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Stopping the stop-out

A new survey helps explain why some Roadrunners fly the coop – and provides insights on how to keep them in the flock.

By Lindsey Coulter

January 17, 2019

Students walking on Auraria campusWhy do some Metropolitan State University of Denver students fail to re-enroll from semester to semester? In 2018, Angela Marquez, Ph.D., head of the University Hispanic-Serving Institution initiative, and Laura Gorny, Ph.D., state and federal reporting specialist, tackled that very question. Together, they developed a tool for gathering critical data on why students choose not to re-enroll (also known as stopping out) — and what could help those students return to the classroom.

“In order to be considered a Hispanic-Serving Institution, enrollment of Hispanic/Latinx students needs to be at or above 25 percent,” Marquez said. “It’s important we understand why students do not re-enroll and potentially help improve retention for this population — and given our dip in enrollment, it’s important to retain all students.”

With the input of the HSI Implementation Team and the Offices of the Provost and President, Gorny and Marquez created the “Roadrunners Belong, Roadrunners Matter Survey,” distributed to students who stopped out between the fall 2017 and spring 2018 semesters (at the time of census). In addition to pinpointing motivations, the survey sought to understand whether students are truly leaving the University or are simply taking a breather.

“Interestingly, ‘I needed a temporary break from my studies’ was the most popular response, which says that a lot of students are indeed stopping out — not making a true exit,” Gorny said.

Those temporary breaks are, for many respondents, not directly related to their satisfaction with MSU Denver. Many cited difficulty balancing school with other responsibilities, such as work (47 percent) and family (33 percent), and the need to manage personal or family health-related problems (31 percent). General financial constraints affected 52 percent of respondents, followed by the inability to afford tuition and fees specifically (49 percent) and troubles with obtaining financial aid (39 percent).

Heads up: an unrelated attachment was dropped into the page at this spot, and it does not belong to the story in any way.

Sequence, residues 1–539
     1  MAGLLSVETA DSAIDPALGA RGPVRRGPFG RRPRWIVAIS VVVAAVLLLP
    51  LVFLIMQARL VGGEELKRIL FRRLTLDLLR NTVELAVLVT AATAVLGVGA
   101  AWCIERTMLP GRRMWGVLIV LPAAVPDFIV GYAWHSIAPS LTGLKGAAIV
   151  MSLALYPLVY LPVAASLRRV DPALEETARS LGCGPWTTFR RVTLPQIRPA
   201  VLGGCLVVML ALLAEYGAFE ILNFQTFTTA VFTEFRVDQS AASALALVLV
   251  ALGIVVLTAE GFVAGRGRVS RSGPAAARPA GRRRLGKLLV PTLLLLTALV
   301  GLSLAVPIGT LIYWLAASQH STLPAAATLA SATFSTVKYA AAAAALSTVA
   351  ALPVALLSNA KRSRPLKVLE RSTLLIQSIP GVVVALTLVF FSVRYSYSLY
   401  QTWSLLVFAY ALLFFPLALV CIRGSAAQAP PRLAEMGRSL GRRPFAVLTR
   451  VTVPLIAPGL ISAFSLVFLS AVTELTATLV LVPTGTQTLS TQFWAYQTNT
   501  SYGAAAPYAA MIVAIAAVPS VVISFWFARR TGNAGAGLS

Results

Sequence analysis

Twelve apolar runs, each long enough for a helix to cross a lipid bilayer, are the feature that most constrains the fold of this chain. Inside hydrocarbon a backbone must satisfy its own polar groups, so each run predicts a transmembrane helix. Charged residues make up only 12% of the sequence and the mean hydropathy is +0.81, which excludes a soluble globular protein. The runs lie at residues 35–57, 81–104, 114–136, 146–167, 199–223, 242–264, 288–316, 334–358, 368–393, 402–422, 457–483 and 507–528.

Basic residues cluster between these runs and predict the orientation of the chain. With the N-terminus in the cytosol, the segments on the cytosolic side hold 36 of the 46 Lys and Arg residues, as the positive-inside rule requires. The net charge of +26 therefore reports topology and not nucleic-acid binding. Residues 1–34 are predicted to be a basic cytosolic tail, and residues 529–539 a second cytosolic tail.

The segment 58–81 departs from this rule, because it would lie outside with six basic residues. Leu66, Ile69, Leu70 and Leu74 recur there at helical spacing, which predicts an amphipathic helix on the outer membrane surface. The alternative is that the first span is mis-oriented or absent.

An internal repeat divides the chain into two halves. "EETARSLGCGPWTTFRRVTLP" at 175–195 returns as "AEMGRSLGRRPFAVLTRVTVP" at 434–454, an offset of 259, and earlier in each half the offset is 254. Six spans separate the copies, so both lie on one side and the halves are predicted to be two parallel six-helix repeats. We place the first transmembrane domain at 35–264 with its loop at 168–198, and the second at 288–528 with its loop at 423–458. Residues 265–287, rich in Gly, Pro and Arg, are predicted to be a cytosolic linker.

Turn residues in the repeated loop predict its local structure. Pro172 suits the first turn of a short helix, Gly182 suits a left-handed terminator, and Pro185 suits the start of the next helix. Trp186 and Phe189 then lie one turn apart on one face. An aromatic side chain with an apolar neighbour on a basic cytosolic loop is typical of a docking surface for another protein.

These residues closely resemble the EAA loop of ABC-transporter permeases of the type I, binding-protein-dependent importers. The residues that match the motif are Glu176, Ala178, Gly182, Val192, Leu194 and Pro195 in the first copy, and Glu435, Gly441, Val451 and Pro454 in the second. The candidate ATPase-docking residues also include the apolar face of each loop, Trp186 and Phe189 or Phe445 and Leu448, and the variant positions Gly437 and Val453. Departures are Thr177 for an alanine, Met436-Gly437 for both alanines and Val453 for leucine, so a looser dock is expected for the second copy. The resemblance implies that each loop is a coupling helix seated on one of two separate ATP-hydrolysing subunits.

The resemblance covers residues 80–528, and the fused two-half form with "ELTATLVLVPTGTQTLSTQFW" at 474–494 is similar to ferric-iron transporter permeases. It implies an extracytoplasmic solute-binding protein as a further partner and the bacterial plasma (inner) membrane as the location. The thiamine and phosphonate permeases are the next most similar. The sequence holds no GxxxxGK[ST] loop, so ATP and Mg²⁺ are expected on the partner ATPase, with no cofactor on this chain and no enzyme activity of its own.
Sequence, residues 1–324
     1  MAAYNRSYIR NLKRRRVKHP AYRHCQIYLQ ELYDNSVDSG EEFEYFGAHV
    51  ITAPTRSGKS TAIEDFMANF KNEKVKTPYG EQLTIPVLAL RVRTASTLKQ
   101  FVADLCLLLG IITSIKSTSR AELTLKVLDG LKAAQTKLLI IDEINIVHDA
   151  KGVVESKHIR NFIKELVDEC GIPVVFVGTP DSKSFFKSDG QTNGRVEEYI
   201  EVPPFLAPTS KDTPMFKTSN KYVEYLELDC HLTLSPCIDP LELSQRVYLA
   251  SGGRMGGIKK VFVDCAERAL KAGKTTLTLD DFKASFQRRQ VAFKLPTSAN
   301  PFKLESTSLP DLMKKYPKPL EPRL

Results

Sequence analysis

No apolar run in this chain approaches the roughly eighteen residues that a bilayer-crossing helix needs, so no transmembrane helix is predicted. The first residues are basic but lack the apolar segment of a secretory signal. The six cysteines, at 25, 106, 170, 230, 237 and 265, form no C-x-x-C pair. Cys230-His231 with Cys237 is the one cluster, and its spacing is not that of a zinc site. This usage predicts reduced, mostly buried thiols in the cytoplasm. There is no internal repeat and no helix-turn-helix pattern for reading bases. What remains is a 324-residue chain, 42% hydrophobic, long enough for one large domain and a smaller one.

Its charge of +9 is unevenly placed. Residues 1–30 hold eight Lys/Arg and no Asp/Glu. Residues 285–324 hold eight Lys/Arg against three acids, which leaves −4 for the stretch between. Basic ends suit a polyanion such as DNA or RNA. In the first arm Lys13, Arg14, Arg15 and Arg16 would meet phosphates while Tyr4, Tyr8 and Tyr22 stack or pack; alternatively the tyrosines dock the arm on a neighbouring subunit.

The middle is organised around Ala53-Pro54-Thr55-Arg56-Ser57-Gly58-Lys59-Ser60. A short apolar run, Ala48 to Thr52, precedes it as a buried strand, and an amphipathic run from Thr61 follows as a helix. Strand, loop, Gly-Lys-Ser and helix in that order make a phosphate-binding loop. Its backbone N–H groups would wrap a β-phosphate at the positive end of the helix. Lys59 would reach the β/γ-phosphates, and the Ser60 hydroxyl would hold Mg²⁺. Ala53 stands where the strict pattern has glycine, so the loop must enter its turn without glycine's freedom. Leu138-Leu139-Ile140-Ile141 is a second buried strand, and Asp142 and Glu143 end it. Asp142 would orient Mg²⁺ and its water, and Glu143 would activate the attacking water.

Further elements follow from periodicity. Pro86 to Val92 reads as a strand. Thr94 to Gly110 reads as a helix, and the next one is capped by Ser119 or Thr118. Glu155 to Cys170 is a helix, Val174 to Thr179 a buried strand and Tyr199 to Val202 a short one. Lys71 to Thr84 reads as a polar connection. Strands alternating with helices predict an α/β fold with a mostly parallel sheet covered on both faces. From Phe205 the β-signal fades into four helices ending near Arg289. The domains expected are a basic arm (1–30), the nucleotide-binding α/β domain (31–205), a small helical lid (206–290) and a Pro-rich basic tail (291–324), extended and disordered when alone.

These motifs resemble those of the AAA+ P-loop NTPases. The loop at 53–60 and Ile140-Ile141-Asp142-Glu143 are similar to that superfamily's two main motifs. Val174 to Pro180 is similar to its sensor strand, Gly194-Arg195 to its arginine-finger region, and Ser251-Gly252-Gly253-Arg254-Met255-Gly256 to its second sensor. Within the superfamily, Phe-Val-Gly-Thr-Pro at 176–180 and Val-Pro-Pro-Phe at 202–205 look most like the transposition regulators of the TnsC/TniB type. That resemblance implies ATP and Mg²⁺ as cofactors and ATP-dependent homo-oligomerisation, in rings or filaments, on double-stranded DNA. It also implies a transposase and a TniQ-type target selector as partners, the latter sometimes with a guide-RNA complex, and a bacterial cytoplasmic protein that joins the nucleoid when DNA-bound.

“There is also a myth that students don’t return because of their grade-point average, but the majority of students who didn’t return were in good academic standing when they left,” Gorny said.

Gorny added that for many respondents, stopping out doesn’t mean abandoning education — or MSU Denver — altogether. “In fact, 60 percent of the students that responded to the survey do plan to return,” she said. “The majority of those students plan to re-enroll in the 2018-19 academic year.”

Gorny and Marquez invited about 3,070 degree-seeking undergraduate students who did not return for the spring 2018 semester to take the survey, and more than 300 responded. “While about 10 percent of students responded to the survey, that leaves the question of the students who did not respond,” Marquez said. “This must be kept in mind when generalizing our findings to all nonreturners.”

The two are planning to survey students who were enrolled in the fall 2018 semester who do not re-enroll for spring 2019. “We are looking forward to replicating this study,” Gorny said. “When we see definitive patterns for different groups of students, then we can start to think of more tailored outreach.”

In the meantime, Gorny and Marquez are working to further disaggregate the current data, looking for patterns with regard to respondents’ race, ethnicity, age, gender, academic program, etc. This data could serve as the foundation of further research into students’ enrollment decisions, but the survey itself is already serving as an outreach tool, keeping the lines of communication open between the University and students who may need support returning to campus.

“At the end of the survey, we asked students if they would like to be contacted by an advisor; 21 percent said yes, and some students even reached out to us personally and told us their stories,” Gorny said. “The survey sends a message to students that we care, that we’d like them to come back and that we want to help.”

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